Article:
Can You Sell Your House with a Reverse Mortgage?
If you’re concerned about having the funds to support a comfortable retirement, a reverse mortgage loan can provide an additional source of funds for financial peace of mind. And with home values soaring, they’re increasing in popularity — the number of reverse mortgages issued in 2021 rose 29% from the prior year.
A reverse mortgage works by leveraging the equity you’ve built up in your home over the years, without selling your home or †taking on a new mortgage payment. But what if you do decide to sell your home after obtaining a reverse mortgage? The good news is you can.
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Truth be sold
You can sell your home with a reverse mortgage at any time. When you do, your reverse mortgage becomes due and payable.
During the life of the loan, interest and the annual mortgage insurance premium (MIP) accrue on the outstanding loan balance. This is due when the when the loan is repaid.
If your home’s value has appreciated, you can typically sell it for more than what you owe and keep the difference. But what if its value has declined? A reverse mortgage is what’s known as a non-recourse loan, so you won’t owe more than your home is worth at the time of repayment. If the sales price matches the appraised value, the proceeds go to the lender, and mortgage insurance covers the difference.
An heir’s rights
When a reverse mortgage loan holder passes away, the loan must be repaid. Interest on the balance, as well as monthly insurance premiums, will continue to accrue until the loan is settled.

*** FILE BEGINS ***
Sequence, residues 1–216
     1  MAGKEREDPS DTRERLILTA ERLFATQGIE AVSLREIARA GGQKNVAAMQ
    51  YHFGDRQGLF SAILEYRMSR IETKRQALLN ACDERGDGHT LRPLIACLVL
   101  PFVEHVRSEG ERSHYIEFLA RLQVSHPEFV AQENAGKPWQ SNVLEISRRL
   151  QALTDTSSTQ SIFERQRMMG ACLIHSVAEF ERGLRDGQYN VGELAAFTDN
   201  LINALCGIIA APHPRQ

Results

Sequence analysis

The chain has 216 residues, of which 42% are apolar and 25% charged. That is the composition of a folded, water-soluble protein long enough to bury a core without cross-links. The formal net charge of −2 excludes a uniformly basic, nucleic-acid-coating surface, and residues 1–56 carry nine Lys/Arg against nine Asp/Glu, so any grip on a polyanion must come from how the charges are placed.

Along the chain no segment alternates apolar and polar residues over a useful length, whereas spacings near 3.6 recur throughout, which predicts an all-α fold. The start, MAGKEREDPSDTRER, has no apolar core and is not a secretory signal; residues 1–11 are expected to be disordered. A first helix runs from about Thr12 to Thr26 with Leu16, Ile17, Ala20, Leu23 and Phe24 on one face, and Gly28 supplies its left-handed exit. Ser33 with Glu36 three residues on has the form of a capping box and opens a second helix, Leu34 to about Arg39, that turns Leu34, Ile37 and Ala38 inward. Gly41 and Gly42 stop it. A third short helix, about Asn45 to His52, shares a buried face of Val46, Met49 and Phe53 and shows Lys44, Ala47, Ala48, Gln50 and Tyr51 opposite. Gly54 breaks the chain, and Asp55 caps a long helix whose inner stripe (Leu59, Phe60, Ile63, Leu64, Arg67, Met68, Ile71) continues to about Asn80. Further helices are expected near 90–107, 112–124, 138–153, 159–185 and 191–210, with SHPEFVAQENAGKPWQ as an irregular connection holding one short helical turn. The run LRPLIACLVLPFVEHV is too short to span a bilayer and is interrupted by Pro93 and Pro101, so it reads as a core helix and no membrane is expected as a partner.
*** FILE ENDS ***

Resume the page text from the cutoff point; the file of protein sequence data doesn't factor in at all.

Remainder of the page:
If your heirs are actively working to sell the property, they’re entitled to request two ninety-day extensions beyond the initial six-month grace period to satisfy the loan. Keep in mind that extensions are not guaranteed, and they require specific documentation.
Considering a sale?
Here are some questions to ask yourself before selling a home with a reverse mortgage:
Do you have another place to live? While a reverse mortgage can offer you a valuable source of funds while aging in place, your circumstances may change, and you’ll have to put your long-term needs first in deciding where to live.
Did your home’s value depreciate? In this case, you may walk away from the sale with less money in your pocket. If you’re not on a strict timeline, you may consider waiting until the market is more in your favor.
How long have you had the mortgage? Just like any other mortgage product, there were fees when you obtained the loan. In addition to an origination fee and closing costs, there’s also an upfront MIP payment, as well as a fee for reverse mortgage counseling by an independent, third-party counselor. While there’s no penalty for selling, think about how much you’ve already spent and if it’s financially sensible to sell at this time.
Making the “right” move
With the facts in hand, you can decide if listing your home with a reverse mortgage is a smart move for you and your family. Contact the loan specialists to learn more about your options. Call us today.
This content is sponsored by RMF, one of the nation’s leading reverse mortgage lenders.